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Bed and Breakfast Model For Success

May 10, 2003

by Kit Cassingham

Understanding what the guest needs and how to satisfy that need is a critical aspect of being a successful B&B innkeeper. Learn to make your guest feel comfortable in a new situation, appreciate the give and take of the innkeeper/guest interaction, and enjoy your success.

Do you wonder what the difference is between B&Bs and other types of lodging? Why are some people "B&B people" while others are "non-B&B people"? This discussion is my explanation of what I see is the difference. This will help you better understand the importance of your role as an innkeeper and the guest experience you create for your market niche.

Elements common to all quality inns and outstanding innkeepers:

  1. Appreciation of the guest situation as shown by the innkeeper's inspiration in problem solving before the problem appears (e.g., wastebaskets where needed, lights usefully located and bright enough for reading).
  2. Hospitality by showing concern for the guest's personal environment and reducing guest trepidations with gestures of warmth and thoughtfulness.
  3. Service to the guest by anticipating their needs and placing their comfort first.
  4. Vulnerability of the innkeeper in creating their idea of comfort and sharing that with strangers, risking rejection or criticism, or even adoration and appreciation.

Elements common to all guests:

  1. Concern for their personal environment.
  2. Willingness to risk an unknown situation and environment.

Christopher Alexander is an architect and has written a marvelous book about his theories of design. He addresses making people comfortable starting from when they enter town, as they proceed to your house or place of business, entering your grounds, coming into the building and what characteristics make them feel "at home". I have excerpted some of the sections he writes about for inns, places of lodging because I think they are such pearls of wisdom.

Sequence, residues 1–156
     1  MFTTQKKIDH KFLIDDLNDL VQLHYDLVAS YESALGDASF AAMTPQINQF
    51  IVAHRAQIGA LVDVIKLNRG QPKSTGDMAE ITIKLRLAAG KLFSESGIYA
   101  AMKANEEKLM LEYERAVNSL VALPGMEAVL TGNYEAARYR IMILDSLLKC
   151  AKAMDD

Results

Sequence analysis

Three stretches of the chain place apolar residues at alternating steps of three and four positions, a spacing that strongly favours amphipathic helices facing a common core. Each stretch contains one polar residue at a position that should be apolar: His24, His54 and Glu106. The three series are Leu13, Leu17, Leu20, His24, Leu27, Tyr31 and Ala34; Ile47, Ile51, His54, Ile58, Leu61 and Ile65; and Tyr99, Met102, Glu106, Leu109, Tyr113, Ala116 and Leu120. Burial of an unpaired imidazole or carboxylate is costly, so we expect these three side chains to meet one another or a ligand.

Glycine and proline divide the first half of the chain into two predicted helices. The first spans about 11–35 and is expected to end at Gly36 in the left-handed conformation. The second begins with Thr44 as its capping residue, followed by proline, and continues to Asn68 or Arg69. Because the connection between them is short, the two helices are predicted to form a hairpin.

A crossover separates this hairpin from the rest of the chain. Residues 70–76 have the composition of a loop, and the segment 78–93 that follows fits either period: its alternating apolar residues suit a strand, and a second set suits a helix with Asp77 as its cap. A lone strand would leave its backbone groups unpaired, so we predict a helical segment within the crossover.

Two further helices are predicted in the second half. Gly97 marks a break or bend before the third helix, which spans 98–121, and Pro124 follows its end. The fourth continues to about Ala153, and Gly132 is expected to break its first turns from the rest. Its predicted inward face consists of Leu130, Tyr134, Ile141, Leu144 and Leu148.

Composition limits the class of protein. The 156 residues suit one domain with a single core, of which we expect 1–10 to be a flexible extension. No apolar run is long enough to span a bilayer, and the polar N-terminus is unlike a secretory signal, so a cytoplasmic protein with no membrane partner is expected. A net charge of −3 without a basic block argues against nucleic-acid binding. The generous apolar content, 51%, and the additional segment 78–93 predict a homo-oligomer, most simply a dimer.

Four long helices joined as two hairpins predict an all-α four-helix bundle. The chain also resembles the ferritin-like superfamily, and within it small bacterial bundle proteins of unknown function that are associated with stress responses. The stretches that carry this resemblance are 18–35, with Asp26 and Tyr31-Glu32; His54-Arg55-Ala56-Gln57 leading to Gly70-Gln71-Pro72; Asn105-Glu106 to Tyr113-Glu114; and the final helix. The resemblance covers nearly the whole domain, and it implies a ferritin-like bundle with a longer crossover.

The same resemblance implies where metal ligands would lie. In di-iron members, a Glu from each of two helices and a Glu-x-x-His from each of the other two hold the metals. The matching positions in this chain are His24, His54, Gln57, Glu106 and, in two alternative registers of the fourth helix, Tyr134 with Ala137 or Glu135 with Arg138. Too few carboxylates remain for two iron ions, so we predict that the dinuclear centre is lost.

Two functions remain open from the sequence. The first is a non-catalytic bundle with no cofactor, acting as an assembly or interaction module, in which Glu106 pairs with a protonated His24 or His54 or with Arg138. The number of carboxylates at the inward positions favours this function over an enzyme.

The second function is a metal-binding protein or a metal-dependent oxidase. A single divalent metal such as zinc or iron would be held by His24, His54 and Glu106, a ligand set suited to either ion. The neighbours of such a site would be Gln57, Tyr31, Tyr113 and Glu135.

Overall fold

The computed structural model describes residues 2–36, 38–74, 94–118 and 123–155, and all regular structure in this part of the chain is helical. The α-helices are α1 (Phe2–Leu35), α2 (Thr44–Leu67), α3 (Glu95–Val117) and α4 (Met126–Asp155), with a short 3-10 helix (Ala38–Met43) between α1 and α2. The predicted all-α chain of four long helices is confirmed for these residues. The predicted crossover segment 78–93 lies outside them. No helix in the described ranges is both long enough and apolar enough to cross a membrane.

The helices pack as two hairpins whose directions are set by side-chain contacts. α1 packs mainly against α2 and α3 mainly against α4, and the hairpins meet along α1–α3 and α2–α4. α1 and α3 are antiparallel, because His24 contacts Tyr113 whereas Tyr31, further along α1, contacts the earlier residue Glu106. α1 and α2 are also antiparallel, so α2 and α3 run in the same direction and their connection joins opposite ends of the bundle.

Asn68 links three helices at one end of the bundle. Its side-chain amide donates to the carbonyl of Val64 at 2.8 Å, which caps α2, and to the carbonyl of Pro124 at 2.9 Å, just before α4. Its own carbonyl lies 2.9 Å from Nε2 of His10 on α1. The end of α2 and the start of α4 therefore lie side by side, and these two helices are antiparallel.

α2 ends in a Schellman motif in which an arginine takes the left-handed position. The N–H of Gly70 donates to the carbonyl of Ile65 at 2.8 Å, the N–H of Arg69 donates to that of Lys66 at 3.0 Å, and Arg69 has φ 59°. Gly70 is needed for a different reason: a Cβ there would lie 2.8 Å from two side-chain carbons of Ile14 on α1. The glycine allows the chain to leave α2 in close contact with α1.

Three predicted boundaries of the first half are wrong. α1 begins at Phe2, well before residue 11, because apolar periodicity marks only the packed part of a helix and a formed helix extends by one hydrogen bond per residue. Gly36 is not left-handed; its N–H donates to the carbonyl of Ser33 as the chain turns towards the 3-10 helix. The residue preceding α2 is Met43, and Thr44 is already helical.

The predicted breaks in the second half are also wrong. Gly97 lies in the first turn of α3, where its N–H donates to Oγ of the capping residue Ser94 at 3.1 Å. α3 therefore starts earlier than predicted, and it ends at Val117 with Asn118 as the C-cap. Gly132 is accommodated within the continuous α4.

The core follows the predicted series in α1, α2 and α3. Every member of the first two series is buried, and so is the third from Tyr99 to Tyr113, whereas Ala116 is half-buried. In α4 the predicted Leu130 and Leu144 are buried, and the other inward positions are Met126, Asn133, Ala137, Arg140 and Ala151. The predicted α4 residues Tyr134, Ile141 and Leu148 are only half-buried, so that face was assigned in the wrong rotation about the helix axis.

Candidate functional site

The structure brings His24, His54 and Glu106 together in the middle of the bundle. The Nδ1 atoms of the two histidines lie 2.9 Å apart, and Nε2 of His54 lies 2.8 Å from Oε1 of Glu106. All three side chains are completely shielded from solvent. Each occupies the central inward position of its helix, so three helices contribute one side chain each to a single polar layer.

A person who stays the night in a strange place is still a member of the human community, and still needs company.... At all times, the innwas a wonderful place, where strangers met for a night, to eat, and drink, play cards, tell stories, and experience extraordinary adventures.... There is a deep need for company -- for stories, and adventures, and encounters. It is the business of an inn to create an atmosphere where people can experience and satisfy this need.... Make the traveler's inn a place where travelers can take rooms for the night, but where -- unlike most hotels and motels -- the inn draws all its energy from the community of travelers that are there any given evening. The scale is small -- 30 or 40 guests to an inn; meals are offered communally; there is even a large space ringed around with beds in alcoves.
    -        -Christopher Alexander in "Pattern Language"

Guest/Innkeeper dynamics are a give and take. You must "receive" to balance your "give". You have to refuel your energy and soul to maintain your ability to give freely; "receiving" is one of the ways to accomplish that. [More on this, from the perspective of avoiding burnout, is addressed in the e-book Daily Operations.] You may find this another challenge and another part of your "balancing act". Maintaining this balance helps minimize your frustrations and burn out and encourages enjoyment of the haven you have created for the traveler -- your guest. Innkeeping success includes taking care of yourself.




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